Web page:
Some will say that isn’t poverty, but anything that causes mental health issues, is just as valid as any illness.

    Perhaps if we start with what children need, and go from there making sure we enrich their lives by not being mealy mouthed about it, and going to the too hard basket instead of problem solving,

  14. timeforacupoftea 14

    Good Lord, surely Prime Minister Jacinda, Minister of Child Poverty will never ever talk to the failed National Party regarding child poverty.
    We must do this on our own, or we will finish with a watered down policy and still have children and families in poverty.

  15. Tanz 15

    About time, it’s all been about the Manus Island ‘refugees’ so far. National had done a lot for child poverty, and had even more plans to reduce it. National increased WFF payments while in office, as well as other benefits. Labour never did that during their previous nine years. Also, National had other resources in place and policies that were working, and they had the decency to give CYFFs a much needed upgrade. If National and Labour can work on this together, then why can they not govern together, as most people wanted anyway? Nope, they opposed almost everything National did whilst in Oppositlon, so why shouldn’t National do the same now? How come Labour opposed the TPPA before the election, by the way? Nothing but flip flops so far, outrageous. Winston is very silent…Kingmaker maybe not so much fun?

    • One Anonymous Bloke 15.1

      they opposed everything National did

      I suggest you find out exactly how many bills went through between 2008 and 2017 that Labour and National both supported. In short, you don’t know what you’re talking about.

      • alwyn 15.1.1

        “I suggest you find out exactly ……..”.
        Why don’t you tell us how many and what they were. Surely you must know if you are going to make such a statement.
        If you can’t do that you obviously have no idea and ” In short, you don’t know what you’re talking about.”.

        • One Anonymous Bloke 15.1.1.1

          I know there are more than the ones I can remember right now, which include and are not limited to the Kermadecs sanctuary, the “zero hours” legislation, marriage equality legislation, various bills related to Waitangi Tribunal proceedings, and so-forth.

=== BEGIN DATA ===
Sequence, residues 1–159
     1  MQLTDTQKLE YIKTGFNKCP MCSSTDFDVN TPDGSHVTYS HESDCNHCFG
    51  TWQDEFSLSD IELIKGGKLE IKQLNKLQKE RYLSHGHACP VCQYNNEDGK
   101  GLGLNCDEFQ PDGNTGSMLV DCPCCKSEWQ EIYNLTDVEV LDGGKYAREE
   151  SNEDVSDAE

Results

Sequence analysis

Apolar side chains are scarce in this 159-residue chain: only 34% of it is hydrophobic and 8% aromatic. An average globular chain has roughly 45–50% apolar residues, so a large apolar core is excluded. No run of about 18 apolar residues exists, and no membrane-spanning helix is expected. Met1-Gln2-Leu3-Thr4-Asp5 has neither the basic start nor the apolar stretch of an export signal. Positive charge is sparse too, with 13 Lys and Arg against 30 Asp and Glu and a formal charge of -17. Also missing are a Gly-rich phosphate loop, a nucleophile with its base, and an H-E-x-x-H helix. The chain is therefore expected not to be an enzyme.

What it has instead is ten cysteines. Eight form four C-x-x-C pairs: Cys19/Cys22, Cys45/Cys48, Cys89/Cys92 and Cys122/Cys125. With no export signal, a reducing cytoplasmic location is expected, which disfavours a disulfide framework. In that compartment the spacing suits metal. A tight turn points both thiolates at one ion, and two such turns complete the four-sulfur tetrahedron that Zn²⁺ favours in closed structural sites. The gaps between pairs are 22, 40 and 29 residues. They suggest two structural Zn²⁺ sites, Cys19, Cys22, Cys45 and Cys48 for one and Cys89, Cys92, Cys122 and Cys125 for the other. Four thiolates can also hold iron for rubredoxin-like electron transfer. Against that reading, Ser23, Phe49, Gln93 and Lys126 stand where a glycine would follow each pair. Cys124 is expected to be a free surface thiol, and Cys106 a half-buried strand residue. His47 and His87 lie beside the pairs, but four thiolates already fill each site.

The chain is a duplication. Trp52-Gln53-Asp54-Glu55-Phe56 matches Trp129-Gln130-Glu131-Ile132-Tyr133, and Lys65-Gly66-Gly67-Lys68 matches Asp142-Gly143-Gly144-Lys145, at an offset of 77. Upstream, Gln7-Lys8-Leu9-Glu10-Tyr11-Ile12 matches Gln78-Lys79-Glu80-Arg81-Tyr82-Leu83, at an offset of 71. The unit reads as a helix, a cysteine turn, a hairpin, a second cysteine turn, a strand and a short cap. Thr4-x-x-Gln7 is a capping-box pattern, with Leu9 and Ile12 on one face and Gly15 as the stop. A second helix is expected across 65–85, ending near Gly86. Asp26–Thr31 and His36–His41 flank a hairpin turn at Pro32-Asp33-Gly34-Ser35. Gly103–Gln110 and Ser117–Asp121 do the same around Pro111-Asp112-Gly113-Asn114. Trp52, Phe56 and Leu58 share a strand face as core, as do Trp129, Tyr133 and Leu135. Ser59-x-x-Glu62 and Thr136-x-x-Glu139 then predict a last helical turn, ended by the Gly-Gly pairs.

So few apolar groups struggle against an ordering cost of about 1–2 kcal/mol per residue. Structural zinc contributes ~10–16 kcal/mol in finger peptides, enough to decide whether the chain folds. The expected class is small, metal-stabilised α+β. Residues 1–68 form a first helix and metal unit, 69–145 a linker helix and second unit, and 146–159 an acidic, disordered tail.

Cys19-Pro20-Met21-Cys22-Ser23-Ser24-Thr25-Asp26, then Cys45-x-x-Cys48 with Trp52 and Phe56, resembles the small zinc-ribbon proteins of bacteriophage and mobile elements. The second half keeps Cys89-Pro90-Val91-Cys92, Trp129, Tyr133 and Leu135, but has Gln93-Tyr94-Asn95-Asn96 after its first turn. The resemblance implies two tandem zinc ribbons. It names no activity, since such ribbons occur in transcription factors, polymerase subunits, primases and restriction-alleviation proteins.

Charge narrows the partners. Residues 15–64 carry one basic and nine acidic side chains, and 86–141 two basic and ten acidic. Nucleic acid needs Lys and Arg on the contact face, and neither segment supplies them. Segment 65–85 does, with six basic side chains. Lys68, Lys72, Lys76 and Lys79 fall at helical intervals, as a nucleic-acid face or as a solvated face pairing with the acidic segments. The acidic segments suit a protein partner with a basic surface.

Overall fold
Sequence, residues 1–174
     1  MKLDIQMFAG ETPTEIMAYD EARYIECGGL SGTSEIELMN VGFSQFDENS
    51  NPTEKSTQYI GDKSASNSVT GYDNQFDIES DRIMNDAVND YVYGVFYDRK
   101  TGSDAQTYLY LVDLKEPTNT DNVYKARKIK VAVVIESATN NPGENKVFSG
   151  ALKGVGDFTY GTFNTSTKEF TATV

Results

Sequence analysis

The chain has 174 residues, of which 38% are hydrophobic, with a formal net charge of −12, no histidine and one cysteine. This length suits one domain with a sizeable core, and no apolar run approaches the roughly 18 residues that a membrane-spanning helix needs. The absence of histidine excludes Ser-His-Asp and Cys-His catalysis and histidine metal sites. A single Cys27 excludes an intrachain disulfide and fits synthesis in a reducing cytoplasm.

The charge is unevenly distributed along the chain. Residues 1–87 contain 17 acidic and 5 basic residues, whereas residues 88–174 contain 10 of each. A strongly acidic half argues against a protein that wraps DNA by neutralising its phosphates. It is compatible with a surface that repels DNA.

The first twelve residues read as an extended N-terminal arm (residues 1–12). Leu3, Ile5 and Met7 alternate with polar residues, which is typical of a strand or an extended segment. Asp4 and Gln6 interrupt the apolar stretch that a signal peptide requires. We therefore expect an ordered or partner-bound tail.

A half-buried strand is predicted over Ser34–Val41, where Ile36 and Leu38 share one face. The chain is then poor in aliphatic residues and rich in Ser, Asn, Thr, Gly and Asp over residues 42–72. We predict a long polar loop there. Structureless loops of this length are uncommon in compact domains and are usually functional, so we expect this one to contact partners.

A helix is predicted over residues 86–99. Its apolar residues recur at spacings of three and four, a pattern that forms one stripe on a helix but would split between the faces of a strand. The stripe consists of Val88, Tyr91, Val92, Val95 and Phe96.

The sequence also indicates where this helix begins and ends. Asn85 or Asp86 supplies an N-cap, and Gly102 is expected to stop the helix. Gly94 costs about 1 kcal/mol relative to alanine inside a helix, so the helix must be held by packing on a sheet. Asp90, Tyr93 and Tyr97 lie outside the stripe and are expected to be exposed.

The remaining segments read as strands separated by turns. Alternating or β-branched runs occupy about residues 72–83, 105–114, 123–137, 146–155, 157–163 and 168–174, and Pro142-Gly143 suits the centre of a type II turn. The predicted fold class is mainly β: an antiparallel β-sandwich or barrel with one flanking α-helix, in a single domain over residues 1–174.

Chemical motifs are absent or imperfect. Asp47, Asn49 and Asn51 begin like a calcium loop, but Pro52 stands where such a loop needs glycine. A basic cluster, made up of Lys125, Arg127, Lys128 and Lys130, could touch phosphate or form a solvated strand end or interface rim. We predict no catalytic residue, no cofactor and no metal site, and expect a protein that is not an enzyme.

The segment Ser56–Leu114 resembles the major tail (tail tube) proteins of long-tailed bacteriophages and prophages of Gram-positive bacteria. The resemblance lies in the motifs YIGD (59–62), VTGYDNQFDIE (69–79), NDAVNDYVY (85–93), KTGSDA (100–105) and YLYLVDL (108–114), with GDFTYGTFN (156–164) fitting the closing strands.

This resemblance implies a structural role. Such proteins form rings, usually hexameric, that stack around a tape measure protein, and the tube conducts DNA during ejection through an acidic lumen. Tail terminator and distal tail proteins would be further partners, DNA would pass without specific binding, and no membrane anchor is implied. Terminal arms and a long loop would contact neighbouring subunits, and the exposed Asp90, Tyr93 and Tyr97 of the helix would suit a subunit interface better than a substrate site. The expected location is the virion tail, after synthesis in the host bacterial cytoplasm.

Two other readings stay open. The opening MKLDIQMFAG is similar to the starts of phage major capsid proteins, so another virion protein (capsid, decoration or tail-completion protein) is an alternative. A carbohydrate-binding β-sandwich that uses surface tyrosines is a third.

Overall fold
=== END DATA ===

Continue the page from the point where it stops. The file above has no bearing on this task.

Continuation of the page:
And really, I’m not going to waste much more than memory on Tanz’s drive-by vignettes.

          Edit: don’t forget, Tanz made the assertion: “everything National did”. It’s up to them to provide the evidence, not me.

          • The Chairman 15.1.1.1.1

            If my memory serves me correct, you are both correct.

            Labour did make a lot of noise and opposed a number of National’s initiatives, only to later go on and support them through the house.

            Welfare reforms is one that comes to mind.

            • One Anonymous Bloke 15.1.1.1.1.1

              Plus a plethora of bills that just got passed with no fuss whatsoever.

              Over the whole term, there have been about 116 hours of urgency, in comparison with 127 in the Parliament before, and, as importantly, extended hours have been used 23 times for Treaty legislation and other bills, which saw agreement, in a large number of cases, from most sides of the House.

              Yes, I’m afraid it’s true: Tanz is clueless.

    • Macro 15.2

      National had done a lot for child poverty,

      Yes they were very proud of their record – It had increased enormously under their watch – and they had plans to seek an even greater improvement.
      So SAD.

  16. Tanz 16

    Child poverty improved under National’s watch, they increased social workers, increased benefits, had more checks and balances in place. Also National supported personal responsibility and were a relief after the nanny state policies of the previous Labour govt, how suffocating it all became. I voted Labour initially, but could not stand the controlling nature of their last few years. Lightbulbs and showers, urgh, whilst there were several high profile child abuse cases, with some of the perps getting off.
    National are far less PC and seem to have more common sense. They have done a lot to ease child poverty; Bill English a caring family and Christian man. He cared and he made positive changes, it wasn’t all a bunch of empty slogans and virtue signalling. National will be back though, come 2020, without the need for NZ First, and will get to govern, alone, for a very long time.

    • One Anonymous Bloke 16.1

      Child poverty improved under National’s watch